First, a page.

British Association of Film, Television and Screen Studies
7th Annual Conference 2019
Intersecting Identities: Race, Sex, Nation
25 to 27 April 2019, University of Birmingham, UK
stuart-moore-kayla-parker-father-land-exhibition-stillPanel: Intersectionality in the Essay Film: Intersecting Identities in the Polysemic Memoir (BAFTSS Essay Film Special Interest Group) Panel chair: Dr Kayla Parker
This panel concerns intersectionality within essay film practices. Being transgressive both structurally and conceptually (Alter, 1996, 171), the polysemic form of the essay film enables the filmmakers to rupture the dominant discourses of institutional histories and to give voice to marginalised subjectivities. Blurring the traditional boundaries between documentary and fiction, the self-reflective and self-reflexive hybridity of the essay film enables interlocking identities, memories and experiences of individuals to assert themselves and be heard against the discourses of power.

Stuart Moore
Buffering: processing intersectionality in a divided city

This presentation uses an intersectional lens to explore the ‘buffering’ at play within the production of the essay film, Father-land (2018), supported through an artist residency hosted by Nicosia Municipal Arts Centre. Father-land is a collaborative practice research project filmed in and around the Buffer Zone in Nicosia, the only divided capital city in Europe. Political and social histories, the legacies of colonialism, occupation, and the Cold War, resonate culturally and biographically for the film-makers, the author, Stuart Moore, and artist filmmaker, Kayla Parker. Both had childhood links with Cyprus through fathers stationed there with the Royal Air Force before the island’s division in 1974, when the United Nations established a demilitarized buffer zone across Cyprus.

A ‘buffer’ is a defensive mechanism that protects from harm or damage, it preserves stability and equilibrium. A camera’s buffer stores data temporarily before writing it with to the memory card. Netflix may buffer if the stream of video and audio cannot flow unhindered from the server to appear coherently on screen.

Father-land was made over two years and actively engaged with different registers of memory: childhood, (post)colonial archive, intra-production, among others. A methodology evolved where the narration was intentionally created apart from the images, separated from the original filming (which was left on disk back in the UK) but recorded in the locus of its recollections. This reflective buffering freed the film to develop away from the documentary tendency to polemic.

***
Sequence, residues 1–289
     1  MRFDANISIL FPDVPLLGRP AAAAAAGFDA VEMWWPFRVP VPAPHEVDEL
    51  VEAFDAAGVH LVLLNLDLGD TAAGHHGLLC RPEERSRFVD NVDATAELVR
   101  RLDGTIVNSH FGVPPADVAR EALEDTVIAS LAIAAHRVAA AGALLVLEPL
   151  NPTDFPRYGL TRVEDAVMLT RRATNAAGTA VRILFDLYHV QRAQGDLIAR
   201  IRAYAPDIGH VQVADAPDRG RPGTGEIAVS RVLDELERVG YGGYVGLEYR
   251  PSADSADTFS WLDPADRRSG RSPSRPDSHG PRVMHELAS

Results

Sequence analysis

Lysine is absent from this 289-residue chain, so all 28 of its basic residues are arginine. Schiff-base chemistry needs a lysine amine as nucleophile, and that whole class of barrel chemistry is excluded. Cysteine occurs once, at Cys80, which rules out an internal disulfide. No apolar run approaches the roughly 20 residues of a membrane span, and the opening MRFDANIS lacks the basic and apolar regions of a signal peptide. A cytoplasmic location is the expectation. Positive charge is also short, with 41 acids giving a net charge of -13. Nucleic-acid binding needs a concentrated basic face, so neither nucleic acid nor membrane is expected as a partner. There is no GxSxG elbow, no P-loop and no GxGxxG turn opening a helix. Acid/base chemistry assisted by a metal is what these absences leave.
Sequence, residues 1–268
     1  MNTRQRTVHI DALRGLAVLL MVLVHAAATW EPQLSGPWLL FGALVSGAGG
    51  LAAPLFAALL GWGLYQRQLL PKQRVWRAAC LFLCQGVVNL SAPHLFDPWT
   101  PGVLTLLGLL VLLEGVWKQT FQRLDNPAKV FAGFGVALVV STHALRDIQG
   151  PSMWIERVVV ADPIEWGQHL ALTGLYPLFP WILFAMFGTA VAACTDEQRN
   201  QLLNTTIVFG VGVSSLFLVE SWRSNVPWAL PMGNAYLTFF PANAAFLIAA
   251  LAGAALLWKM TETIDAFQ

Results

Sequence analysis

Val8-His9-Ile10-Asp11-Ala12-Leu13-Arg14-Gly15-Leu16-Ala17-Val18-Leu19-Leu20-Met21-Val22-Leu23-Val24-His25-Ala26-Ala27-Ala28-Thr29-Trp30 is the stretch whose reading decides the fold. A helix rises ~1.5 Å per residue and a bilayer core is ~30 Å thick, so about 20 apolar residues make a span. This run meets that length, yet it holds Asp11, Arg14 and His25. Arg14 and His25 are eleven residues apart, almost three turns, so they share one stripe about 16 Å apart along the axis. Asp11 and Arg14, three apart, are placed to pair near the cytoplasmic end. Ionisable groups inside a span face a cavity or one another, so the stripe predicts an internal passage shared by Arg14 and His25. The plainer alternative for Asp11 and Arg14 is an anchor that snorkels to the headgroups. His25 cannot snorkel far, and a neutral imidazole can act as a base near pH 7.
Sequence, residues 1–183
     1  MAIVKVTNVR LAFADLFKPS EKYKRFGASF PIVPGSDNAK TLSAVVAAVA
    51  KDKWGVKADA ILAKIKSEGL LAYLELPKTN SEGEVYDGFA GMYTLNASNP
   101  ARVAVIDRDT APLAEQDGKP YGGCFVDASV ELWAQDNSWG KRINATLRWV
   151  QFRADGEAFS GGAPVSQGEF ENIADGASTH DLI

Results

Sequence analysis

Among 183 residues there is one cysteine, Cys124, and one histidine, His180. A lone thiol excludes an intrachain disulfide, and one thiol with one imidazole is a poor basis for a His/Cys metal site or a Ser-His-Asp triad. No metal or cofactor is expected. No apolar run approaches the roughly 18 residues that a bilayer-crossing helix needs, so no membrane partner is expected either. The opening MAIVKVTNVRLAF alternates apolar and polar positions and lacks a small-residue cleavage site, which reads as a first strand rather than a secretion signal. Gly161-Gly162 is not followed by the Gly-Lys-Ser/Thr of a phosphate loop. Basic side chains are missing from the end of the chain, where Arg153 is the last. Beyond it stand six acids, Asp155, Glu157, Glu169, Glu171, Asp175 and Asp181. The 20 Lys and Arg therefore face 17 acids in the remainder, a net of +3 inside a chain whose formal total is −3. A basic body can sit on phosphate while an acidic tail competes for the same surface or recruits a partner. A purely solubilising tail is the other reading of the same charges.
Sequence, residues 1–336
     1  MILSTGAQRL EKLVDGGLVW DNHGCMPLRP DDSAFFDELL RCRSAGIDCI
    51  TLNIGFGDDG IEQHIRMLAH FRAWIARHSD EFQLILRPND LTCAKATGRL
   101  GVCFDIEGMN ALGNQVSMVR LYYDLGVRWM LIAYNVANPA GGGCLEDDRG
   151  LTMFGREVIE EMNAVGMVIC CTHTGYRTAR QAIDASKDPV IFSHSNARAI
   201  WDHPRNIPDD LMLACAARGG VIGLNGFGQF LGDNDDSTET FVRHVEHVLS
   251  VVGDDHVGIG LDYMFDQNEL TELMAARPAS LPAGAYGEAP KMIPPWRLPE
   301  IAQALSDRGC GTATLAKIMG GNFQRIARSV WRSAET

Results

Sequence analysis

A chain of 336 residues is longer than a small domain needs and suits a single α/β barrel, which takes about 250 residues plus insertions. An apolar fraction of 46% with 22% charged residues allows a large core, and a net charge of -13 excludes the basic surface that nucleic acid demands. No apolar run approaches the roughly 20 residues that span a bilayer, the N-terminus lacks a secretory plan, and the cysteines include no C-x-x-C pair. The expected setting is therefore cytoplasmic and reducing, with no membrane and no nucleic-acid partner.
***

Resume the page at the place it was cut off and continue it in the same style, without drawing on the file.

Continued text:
keywords: Buffer Zone, Cyprus, essay film

Kayla Parker
Thinking Space
: Remembering Through Father-land
The demilitarised zone in Cyprus is peppered with signs forbidding photography. In the city, the zone is abandoned and derelict. The people have to work around the zone, but we try to rise above it. Our longing gaze sees the beauty of the distant mountains, the sky and the birds. Our memories of our militarised childhoods reach out to the zone - close, but always out of reach.

The presentation considers the multi-layered narratives of people and place that intersect in the collaborative essay film, Father-land (2018), mapping the interplay between the spaces viewed on the screen and the diverse temporalities of the film-makers’ spoken memories of childhood and their recent experiences as temporary residents of Nicosia.

In Father-land, two unseen narrators, one male and one female, speak of absence and presence, home and displacement against a backdrop of views of Nicosia, the capital of Cyprus. These memories ‘spoken in place’ are entanglements caught between the multi-layered facets of political and social histories, the legacies of colonialism, occupation, and the Cold War. The narrative gaps allow the audience thinking space and are redolent of the ruptured temporalities of the abandoned centre of the old city, lost in time as life goes on to the north and south of the Buffer Zone. The film-makers’ voices drift outwards across the landscape as the call to prayer permeates the city’s consciousness. Through the essay film, we bring together our past and present, inviting the audience to share our exploration of memory and place.

keywords: Cyprus, memory, narrative